> > that ever comes out of your mouth is "he doesn't have a chance." Well
> > I'm sorry but you're just part of the problem there, buddy. If you
> > really don't like him then just come out and say so, then I'll stop
> > bugging you about throwing away a vote.
> Blah, blah, blah. I don't particularly like Ron Paul's platform. I
> don't think he'd make a particularly good President, but I do hope he
> keeps up his role in Congress, because I think that's a better place
> for him. And he doesn't have a chance of becoming President, and he
> wouldn't even if everyone who really wanted him to be President voted
> for him. So, no, recognizing that fact is not part of any 'problem'
> any more than people recognizing that all the other minor players have
> no chance is a problem. Your distorted view of his chance of success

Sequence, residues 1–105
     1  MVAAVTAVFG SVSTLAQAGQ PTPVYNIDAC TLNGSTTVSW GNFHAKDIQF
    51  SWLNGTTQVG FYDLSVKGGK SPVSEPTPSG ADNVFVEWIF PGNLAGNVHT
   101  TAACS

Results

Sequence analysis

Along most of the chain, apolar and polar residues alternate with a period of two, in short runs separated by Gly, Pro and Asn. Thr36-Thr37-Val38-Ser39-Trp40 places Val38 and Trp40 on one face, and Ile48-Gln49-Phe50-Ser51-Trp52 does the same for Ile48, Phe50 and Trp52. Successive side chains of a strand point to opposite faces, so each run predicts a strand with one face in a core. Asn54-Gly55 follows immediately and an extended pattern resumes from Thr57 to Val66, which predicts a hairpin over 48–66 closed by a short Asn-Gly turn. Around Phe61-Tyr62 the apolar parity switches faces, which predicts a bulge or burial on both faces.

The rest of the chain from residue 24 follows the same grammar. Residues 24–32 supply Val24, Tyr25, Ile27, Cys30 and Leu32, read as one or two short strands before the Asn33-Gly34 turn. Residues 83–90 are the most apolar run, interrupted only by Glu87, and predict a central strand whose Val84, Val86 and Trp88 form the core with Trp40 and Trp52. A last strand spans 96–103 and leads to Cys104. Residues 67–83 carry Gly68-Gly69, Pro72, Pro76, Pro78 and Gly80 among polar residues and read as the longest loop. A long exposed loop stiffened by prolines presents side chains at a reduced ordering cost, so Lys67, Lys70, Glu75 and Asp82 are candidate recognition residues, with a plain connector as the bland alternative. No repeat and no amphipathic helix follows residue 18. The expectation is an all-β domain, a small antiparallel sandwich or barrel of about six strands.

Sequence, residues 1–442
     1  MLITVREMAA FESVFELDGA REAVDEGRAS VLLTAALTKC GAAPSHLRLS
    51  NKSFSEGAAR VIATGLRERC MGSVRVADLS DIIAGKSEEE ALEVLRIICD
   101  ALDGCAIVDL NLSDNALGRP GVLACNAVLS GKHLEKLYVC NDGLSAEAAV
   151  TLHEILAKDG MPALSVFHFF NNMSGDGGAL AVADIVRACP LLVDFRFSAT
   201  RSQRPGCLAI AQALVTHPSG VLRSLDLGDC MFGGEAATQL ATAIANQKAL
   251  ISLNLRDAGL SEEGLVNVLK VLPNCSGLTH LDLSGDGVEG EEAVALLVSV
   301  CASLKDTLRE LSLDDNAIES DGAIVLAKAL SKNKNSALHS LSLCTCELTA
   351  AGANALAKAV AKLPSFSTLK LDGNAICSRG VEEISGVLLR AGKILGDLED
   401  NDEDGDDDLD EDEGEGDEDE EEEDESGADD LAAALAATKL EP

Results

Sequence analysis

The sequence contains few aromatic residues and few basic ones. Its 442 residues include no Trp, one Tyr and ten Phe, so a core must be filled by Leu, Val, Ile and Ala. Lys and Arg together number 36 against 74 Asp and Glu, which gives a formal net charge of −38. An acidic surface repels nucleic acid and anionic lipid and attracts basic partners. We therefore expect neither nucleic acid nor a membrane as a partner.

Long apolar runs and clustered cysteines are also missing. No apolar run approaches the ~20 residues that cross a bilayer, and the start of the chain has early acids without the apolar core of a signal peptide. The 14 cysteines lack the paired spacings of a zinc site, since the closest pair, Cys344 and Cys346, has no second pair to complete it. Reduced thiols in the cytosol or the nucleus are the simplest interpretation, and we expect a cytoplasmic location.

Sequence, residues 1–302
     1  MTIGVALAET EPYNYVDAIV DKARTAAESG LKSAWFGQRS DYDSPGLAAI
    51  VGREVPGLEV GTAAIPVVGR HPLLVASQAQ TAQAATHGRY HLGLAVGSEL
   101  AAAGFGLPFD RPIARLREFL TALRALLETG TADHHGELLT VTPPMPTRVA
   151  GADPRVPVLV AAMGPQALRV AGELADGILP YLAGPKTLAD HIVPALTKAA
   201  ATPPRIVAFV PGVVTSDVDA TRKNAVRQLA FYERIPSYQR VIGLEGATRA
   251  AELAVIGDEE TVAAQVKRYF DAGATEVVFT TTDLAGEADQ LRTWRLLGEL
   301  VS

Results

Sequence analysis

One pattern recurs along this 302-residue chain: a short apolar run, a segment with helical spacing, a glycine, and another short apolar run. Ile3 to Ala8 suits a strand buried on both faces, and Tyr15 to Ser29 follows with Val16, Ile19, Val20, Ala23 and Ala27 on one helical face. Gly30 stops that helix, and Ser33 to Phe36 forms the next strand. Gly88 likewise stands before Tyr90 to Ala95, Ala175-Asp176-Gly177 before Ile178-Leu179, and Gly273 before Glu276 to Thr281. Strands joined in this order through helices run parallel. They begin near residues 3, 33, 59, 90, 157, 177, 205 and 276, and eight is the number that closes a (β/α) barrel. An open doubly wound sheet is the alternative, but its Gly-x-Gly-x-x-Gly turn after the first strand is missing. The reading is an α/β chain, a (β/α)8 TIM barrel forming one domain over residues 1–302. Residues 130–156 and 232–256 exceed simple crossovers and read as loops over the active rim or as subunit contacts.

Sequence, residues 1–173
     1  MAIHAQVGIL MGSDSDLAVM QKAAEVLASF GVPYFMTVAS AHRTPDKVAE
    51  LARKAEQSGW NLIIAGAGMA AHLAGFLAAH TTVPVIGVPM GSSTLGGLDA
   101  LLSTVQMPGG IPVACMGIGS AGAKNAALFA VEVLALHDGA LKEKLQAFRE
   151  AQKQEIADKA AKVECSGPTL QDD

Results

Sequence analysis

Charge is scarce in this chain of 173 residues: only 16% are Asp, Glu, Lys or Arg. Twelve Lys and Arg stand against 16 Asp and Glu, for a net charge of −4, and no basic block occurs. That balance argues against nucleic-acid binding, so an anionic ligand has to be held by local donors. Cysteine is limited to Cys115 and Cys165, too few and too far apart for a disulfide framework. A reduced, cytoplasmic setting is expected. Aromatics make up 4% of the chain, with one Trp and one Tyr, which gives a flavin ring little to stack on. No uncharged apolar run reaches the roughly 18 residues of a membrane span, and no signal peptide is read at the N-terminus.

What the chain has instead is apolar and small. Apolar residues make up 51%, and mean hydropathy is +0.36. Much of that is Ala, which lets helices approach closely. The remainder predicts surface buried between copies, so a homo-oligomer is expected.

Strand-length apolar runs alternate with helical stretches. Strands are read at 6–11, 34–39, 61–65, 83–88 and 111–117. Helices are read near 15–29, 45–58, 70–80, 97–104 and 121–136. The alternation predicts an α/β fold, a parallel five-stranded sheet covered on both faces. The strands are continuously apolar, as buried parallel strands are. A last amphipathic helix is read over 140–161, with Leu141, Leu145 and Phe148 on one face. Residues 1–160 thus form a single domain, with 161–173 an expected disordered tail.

> makes no difference to anything aside from the amount of noise you
> make here.
There you go, you just can't help yourself. Everytime you talk about Ron
Paul you have to say how he has no chance. Don't you get it? I DON'T
CARE what his chances are. He has my vote. My view of his chances is not
distorted. Maybe you can call my view on how independent voices can make
a difference, no matter how outnumberd, distorted. At least that's
addressing a view that differs from yours.
I have not been excessivly campaigning for Ron Paul here, and I'm sorry
if I'm obnoxious. For what it's worth I don't expect anyone else to vote
for him now that he's not going to be on the ballot. I do expect people
to take a good look at the 'viable' candidates. Your right, they are
both largely the same. But they are NOT mainstream. They like you to
THINK they are mainstream but they are not. Ron Paul is closer to the
mainstream, though maybe a little on the other side, which makes him